Guided by the city’s auditor, the new Clarkston treasurer wisely recommended city council amend the 2015-16 budget by almost $60,000, to reflect expenditures already incurred.
The council approved the budget amendment with three days remaining in the fiscal year ending June 30.
Starting with the positives, it could’ve been more; wasn’t spent on fancy cars; fixed the budget just in time; there’s still a fund balance; and now starting a new fiscal year.
But how could the city make that level of expenditures without following the Budget Act of Michigan by formally seeking council’s approval and amending the budget accordingly? Now, the fund balance is reduced by almost $60,000.
City officials have not publicly recommitted to abide by the Clarkston City Charter, City ordinances and the Michigan Budget Act regarding city expenditures. No one has committed “to get to the bottom of this so it never happens again.”
The citizens of Clarkston deserve an explanation. City Council needs to commit to a thorough examination of how the nearly $60,000 in expenditures were made without their formal review and approval.
Clarkston city council agenda items were formally requested on July 6, specifically to examine who authorized expenditures added to the 2015-16 amended budget in the 6/27 council meeting; who approved the expenditures; who decided council approval was not required; and who decided amending the budget was not necessary when the expenditure was made.
I am also asking the city clerk to read aloud the oaths taken by each city official; requesting Attorney Thomas Ryan to highlight the items in the city charter, ordinances and State of Michigan Budget Act relating to city expenditures requiring council approval and budget amendments; requesting Ryan provide his interpretation of “material” as it relates to involving the county prosecutor and the State of Michigan regarding Budget Act violations; and requesting City Council members, mayor and city manager to affirm publicly their commitment to abide by the city charter, ordinances and Michigan Budget Act, specifically as it relates to city expenditures.
It remains to be seen what the city will do with the agenda requests. City officials have not yet provided the transparency the citizens deserve.
We have lived in Clarkston for 45 years. In all that time, I have always been impressed with the quality and professionalism of the law enforcement we enjoy here. The members of the Oakland County Sheriff’s Office are first class, including our next door neighbor. The Pontiac police officers I have known were equally competent and fine people.
My most recent personal contact with an officer happened to be as the result of an accident. The other driver was a young father with his 5-year-old daughter in a car seat in the back. No one was injured, but she was scared. The way the Waterford policeman who came related to her and assuaged her fears was very impressive. Officially, that was the least important thing he did for us that day. Humanly, it was the most important.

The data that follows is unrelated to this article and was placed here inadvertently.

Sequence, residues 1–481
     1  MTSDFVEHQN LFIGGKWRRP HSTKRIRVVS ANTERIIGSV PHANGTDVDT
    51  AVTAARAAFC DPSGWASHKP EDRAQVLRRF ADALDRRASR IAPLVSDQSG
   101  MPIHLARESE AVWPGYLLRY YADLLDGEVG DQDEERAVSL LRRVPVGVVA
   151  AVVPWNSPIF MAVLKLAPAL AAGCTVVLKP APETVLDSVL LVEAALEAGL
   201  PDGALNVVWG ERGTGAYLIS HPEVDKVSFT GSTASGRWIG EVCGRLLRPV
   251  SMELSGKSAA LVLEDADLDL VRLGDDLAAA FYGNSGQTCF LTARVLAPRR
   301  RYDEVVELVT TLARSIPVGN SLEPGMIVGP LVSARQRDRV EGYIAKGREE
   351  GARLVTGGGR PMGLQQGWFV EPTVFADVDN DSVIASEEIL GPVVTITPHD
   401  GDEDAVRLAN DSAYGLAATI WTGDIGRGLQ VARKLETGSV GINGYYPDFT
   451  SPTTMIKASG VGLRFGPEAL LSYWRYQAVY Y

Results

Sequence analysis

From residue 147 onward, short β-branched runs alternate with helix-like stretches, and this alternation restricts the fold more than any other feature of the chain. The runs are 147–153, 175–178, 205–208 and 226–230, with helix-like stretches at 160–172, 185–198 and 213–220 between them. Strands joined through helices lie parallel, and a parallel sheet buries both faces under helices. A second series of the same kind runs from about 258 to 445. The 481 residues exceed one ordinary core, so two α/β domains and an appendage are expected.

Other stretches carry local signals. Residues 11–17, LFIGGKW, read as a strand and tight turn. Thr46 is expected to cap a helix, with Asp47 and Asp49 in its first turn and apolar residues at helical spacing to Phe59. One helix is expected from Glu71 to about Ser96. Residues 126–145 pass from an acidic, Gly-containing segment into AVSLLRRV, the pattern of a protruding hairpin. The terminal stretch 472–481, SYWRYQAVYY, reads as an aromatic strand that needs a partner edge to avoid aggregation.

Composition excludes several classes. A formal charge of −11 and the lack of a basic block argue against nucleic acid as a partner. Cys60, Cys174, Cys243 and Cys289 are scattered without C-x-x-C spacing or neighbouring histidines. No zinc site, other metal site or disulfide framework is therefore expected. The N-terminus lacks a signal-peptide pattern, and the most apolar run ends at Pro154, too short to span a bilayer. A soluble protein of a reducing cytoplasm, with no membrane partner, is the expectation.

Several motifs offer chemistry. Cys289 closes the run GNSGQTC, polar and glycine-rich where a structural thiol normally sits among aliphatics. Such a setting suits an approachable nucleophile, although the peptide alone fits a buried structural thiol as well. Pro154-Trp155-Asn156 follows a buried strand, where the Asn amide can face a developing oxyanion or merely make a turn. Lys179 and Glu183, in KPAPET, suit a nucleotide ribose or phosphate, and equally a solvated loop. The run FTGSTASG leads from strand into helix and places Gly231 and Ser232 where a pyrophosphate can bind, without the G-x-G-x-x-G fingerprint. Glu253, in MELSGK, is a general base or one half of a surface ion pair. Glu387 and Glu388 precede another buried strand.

We are blessed with the law enforcement personnel in our area. I am grateful and want them to know it.
Thanks to Catallo
The Clarkston Farm and Garden Club is responsible for the care of the 25 stone planters that line the village business district.
Recently, one of those planters was knocked over into the street. As we investigated, we stood there wondering how we would ever be able to lift it back into place. At that point, a pickup truck stopped and out stepped Curt Catallo who said, “How can I help?”
After a brief discussion, Curt announced, “I will be right back.” Sure enough, down the street came Curt with four strong-looking employees from the Clarkston Union.
With a Herculean effort, the team put the heavy stone planter back on it’s feet. With utmost care, Curt repaired a broken stone planter corner to look as good as new.
He even sent down another employee to sweep the debris from the street. Thank you Curt for coming to our rescue and thank you for all of the positive things that you do for our community.
Support for bond
I will vote Yes for the school bond on the ballot this August. This is a unique opportunity to keep our schools competitive and not increase our taxes. The financing employed will extend the maturity date of the bond, however it does not increase our mill rate. We need to keep our community strong and growing. There is no better investment than for us to continue to be leaders in the security and technology employed in our schools.